We’ve pulled together a bunch of dad-friendly ideas around the country, so you can treat that special guy in your life this Fathers’ Day.
1. Petrolhead heaven
Te Marua, just north of Upper Hutt city, is petrolhead heaven. Whether it’s some form of stock or saloon car racing or witnessing the Viking funeral of old dungers that inspires you, this is the only place in Wellington to get a fix. The Wellington Family Speedway offers entertainment for all ages and attitudes to automotive cruelty.
2. Eyes on the pies
TripAdvisor rates the tiny Burleigh as the number-one place to eat in Blenheim, which is a pretty big achievement for a suburban pie shop. But any lingering disbelief falls away once you try their gourmet pies, truly deserving of cult status.The steak and French blue cheese, pork belly, and jerk chicken are the most popular. The Burleigh also offers sausage rolls, artisan filled rolls, a selection of gourmet grocery and deli items, local cheese and Havana coffee.
3. Celebrate our national religion
For everything you ever wanted to know about footy, from the time of the first game played in Nelson in 1870 to the present, visit the New Zealand Rugby Museum in Palmerston North. This part of the Te Manawa Museums complex contains a wealth of riches for the footy fanatic and the merely curious alike. There’s also a library and archive, an impressive collection of primary records – players’ tour diaries, newspaper cuttings and scrapbooks – making the museum a mecca for anyone with a healthy respect for the oval ball.
4. Par for the course
Gulf Harbour Country Club, on the Whangaparāoa Peninsula, is a golf course with outstanding sea views and a links-style feel. Once upon a time, cattle grazed on the course site and today, it is mostly open to the elements, so the Hauraki Gulf can impose a number of climatic challenges. Play Gulf Harbour to tackle ‘Ta Moko,’ the signature hole which sits at the point of a narrow peninsula with 270-degree ocean views.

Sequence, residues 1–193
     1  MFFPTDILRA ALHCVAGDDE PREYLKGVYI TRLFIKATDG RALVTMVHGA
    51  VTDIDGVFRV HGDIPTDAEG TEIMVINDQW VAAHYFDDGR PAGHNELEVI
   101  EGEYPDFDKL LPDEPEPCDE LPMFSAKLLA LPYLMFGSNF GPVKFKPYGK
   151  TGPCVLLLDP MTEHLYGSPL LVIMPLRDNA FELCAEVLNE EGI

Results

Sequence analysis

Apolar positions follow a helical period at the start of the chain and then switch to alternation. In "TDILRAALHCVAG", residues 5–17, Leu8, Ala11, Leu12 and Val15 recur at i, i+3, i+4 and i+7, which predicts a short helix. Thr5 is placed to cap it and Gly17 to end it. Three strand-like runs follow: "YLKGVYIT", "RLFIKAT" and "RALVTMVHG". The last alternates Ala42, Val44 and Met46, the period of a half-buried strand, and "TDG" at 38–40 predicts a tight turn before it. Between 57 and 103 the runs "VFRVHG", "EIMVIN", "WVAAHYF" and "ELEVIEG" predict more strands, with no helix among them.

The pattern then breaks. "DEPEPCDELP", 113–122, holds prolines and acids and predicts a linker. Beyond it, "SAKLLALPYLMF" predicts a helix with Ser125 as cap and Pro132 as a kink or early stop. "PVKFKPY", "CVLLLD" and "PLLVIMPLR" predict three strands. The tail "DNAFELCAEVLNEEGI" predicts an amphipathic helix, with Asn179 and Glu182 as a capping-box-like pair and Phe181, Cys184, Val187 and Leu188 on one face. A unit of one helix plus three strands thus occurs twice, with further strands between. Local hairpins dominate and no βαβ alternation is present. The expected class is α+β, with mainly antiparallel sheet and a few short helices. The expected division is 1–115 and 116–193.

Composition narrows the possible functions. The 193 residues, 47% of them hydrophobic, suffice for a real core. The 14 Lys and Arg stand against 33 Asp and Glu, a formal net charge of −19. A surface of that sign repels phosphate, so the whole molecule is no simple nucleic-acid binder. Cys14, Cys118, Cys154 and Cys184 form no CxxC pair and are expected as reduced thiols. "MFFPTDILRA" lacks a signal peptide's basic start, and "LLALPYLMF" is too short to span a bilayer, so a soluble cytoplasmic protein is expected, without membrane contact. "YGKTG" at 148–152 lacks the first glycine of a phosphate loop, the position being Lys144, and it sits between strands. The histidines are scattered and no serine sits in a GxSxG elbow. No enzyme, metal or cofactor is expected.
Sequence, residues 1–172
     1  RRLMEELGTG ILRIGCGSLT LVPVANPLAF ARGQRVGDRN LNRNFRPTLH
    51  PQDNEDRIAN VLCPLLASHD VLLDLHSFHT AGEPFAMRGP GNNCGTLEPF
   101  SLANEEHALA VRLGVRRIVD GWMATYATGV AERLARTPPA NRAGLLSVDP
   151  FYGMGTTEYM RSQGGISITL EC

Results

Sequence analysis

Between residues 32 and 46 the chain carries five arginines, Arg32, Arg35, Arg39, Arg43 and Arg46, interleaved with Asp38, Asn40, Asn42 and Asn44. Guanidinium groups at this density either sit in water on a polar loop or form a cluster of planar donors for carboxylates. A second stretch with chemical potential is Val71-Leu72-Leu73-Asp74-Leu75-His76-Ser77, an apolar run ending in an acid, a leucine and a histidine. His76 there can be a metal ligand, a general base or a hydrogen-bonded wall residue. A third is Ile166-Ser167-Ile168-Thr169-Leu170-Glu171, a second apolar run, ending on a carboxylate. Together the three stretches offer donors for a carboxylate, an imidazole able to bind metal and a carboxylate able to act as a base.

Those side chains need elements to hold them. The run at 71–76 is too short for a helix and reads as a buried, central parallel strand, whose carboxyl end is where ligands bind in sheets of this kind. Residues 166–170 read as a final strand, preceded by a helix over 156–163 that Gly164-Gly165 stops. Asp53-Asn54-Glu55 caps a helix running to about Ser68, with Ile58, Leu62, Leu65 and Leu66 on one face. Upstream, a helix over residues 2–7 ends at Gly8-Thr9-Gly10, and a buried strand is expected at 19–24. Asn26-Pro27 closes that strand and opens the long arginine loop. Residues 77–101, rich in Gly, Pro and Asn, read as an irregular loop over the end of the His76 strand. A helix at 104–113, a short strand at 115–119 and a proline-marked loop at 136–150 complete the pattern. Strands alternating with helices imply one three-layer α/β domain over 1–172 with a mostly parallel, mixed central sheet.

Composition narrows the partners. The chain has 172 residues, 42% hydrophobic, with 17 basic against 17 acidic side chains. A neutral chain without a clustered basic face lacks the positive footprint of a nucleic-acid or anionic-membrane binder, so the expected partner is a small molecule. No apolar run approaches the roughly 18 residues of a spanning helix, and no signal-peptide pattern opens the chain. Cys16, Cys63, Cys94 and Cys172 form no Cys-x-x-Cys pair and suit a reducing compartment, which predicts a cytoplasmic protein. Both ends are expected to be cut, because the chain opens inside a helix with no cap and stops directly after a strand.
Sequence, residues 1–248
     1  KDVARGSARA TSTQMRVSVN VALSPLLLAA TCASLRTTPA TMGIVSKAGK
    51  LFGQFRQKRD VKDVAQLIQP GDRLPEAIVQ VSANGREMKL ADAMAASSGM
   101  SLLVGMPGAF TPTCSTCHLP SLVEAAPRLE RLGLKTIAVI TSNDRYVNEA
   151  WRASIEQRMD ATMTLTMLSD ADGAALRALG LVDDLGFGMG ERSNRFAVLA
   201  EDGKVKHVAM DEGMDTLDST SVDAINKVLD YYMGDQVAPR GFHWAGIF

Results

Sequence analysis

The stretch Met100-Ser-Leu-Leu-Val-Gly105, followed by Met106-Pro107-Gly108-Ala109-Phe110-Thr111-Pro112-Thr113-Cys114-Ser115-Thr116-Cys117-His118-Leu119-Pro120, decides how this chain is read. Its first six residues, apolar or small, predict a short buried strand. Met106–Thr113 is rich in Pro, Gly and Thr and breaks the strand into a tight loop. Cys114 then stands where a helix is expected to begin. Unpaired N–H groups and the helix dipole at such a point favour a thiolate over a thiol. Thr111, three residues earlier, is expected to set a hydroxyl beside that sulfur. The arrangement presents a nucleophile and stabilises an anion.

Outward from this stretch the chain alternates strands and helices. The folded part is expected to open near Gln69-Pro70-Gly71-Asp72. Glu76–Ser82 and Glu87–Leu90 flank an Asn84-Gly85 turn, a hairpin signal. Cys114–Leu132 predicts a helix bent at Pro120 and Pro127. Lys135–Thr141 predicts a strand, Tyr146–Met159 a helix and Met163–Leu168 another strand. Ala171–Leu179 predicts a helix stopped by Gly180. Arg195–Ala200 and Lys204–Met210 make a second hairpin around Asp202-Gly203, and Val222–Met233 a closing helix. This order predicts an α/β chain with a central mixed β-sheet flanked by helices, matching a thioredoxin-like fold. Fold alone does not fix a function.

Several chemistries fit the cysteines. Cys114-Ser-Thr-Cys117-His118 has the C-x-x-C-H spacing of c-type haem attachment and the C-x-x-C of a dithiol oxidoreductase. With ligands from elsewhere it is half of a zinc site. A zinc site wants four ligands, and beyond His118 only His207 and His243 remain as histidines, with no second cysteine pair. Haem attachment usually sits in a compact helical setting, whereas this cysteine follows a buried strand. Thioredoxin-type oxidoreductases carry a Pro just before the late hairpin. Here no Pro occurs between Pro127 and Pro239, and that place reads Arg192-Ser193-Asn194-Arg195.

If an excellent, ever-changing selection of craft beer and top-notch pub food is what you’re after, head to the Portsider in Dunedin’s Port Chalmers. Hosts Hans and Pip run a warm and welcoming establishment in this historic building. The Dutch Bitteballen or Vegeballen are a delicious accompaniment to a glass of their fantastic beer.
6. Take to the trails
The 12-km Deans Bank loop track, taking in some of Wānaka’s best scenery, has become a hugely popular attraction, reaffirming the town’s status as one of the top MTB destinations in the country. But because the track is ridden one-way only it never feels crowded. More trails are already planned, as well as an extension to the Deans Bank track itself, a most welcome kind of development.
7. Land a big one
The epicentre for big game anglers is surely the Bay Of Islands. Swordfish, marlin, tuna and sharks are all there for the catching with the right heavyweight gear. Many big game charter operators sail out of Russell and Paihia, all of whom supply the gear as well as the know-how needed to target these leviathans of the deep. Even if you don’t make it out on the water, visit The Bay Of Islands Swordfish Club in Russell to soak up the history and dream of your own Hemingway days.
9 years between drinks for #justanotherfisherman @aaronjstyles tagging this stripe marlin yesterday out of the Bay Of Islands, was epic day on the vessel Notorious with captain @hugomaclean and deckie @jordanhensen. www.justanotherfisherman.co.nz #justanotherfisherman #marlin #bonzelures #notorious #bluewatercritters